RAVE'S FAVES (on the air since April)
The Vines, Red Hot Chili Peppers, Paul Oakenfold, No Doubt ("Underneath").
The new song by The Vines has really begun to grow on me. This sounds like a great band, and the vocals remind me a bit of Kurt Cobain. This Australian group is the great new hype in this genre. The CD comes in July. Word is that they're strong live. Meanwhile, The Hives continue to score live and on the air. Unlike the vast majority of modern rock bands, these guys have a great time on stage and put smiles on lots of faces. White Stripes continue to progress, and The Strokes are the grand old men of "Garage." Thanks to these bands, times are becoming more exciting in rock. As these groups become bigger, I think the "Garage" handle will go away, and they'll simply be known as good(great?) rock bands. As for their futures, radio/MTV play will be essential, and their next albums will be crucial.
I've heard the music they've been working on, and I'm surprised to tell you that it sounds like a great Soundgarden album. The music is mid-tempo and blusey. Cornell's vocals sound great. Lots of people like this kind of music. Assuming that the CD is released, I predict it will do very well. For my money, though, I'm disappointed. I was really hoping for Rage-like intensity and for an approach that would have been heavier as well as faster.
You've probably heard that the Library of Congress is considering an insane proposal where many Internet broadcasters will have to pay an extremely high percentage of their revenues in the form of royalties to record companies and artists. The survivability of many Internet broadcasters is now in question. I'm certainly not opposed to people and labels being compensated, but let's remember that more new artists need to be exposed at a time when the music business needs all the help it can get. I'm not one to devise the correct formula, but let's hope something workable can be arranged. This is an extremely important issue. If you feel strongly about this, I suggest you contact your federal government reps. By the way, Internet broadcasters from outside the US will not be subject to these payments.
I've been sampling some of the XM channels. It seems their versions of formats already on the radio won't be much more adventurous than what we already have. We must remember that XM have veteran radio programmers who are after the masses. Most people want to hear the hits. So far, there aren't nearly enough listeners to be making an impression, but it's very early times.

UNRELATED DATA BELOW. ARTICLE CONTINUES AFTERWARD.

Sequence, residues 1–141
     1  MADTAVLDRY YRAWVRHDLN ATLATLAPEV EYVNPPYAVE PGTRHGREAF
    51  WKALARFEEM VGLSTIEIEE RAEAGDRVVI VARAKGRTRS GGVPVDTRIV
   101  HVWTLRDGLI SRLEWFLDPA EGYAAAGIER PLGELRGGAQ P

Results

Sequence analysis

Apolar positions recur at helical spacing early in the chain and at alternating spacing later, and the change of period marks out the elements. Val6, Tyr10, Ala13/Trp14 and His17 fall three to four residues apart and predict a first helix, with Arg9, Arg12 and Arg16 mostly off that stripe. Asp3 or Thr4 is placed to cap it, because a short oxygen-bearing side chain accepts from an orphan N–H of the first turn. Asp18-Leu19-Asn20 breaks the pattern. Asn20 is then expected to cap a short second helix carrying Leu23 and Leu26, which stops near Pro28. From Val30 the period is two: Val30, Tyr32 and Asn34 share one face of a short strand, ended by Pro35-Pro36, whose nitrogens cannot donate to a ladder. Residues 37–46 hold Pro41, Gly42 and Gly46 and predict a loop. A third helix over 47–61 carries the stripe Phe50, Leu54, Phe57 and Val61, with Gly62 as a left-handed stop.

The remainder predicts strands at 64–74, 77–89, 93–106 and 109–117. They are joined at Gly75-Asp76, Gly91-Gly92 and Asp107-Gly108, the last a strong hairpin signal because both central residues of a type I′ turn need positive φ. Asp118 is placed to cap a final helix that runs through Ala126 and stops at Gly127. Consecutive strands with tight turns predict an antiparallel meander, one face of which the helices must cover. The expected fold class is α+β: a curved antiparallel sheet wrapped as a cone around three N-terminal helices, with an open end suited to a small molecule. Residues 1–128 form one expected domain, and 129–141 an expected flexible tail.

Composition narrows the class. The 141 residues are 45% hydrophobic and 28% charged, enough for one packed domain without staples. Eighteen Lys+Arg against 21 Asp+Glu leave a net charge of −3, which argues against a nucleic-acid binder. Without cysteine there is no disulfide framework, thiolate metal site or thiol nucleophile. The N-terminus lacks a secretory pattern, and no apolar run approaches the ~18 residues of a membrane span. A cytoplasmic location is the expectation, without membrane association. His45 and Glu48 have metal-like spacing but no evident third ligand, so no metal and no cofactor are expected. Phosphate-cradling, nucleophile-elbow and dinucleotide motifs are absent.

Fans of Weird Al Yankovic will be glad to hear that VH-1 has prepared a "Driven" episode about him, premiering Tuesday, July 30 at 9pm (8pm Central). At Al's suggestion, VH-1 interviewed me about my dealings with him at the beginning of his career. As someone once said, Al is the one "Behind the Music" subject that has been a consistently happy guy.
After years of raving about Garbage, I finally got to see them in concert and I wasn't disappointed. The show was tight and efficient, but surprisingly basic in terms of production values. I'm flattered to report that WSUM at the University of Wisconsin, Madison now has the "Bruce Ravid Award." Congrats to Aaron Honore, Loud Rock Director, who is the first recipient. In the words of station GM Dave Black, he was the "most enthusiastic and persistent staff person when it came to procuring music, establishing rapport with the record companies and reviewing music for FCC suitability and musical quality. It didn't hurt that he is a very pleasant young man who helped create a positive atmosphere around the station."
Have a great summer. I'll be back in September. Meanwhile, enjoy life and...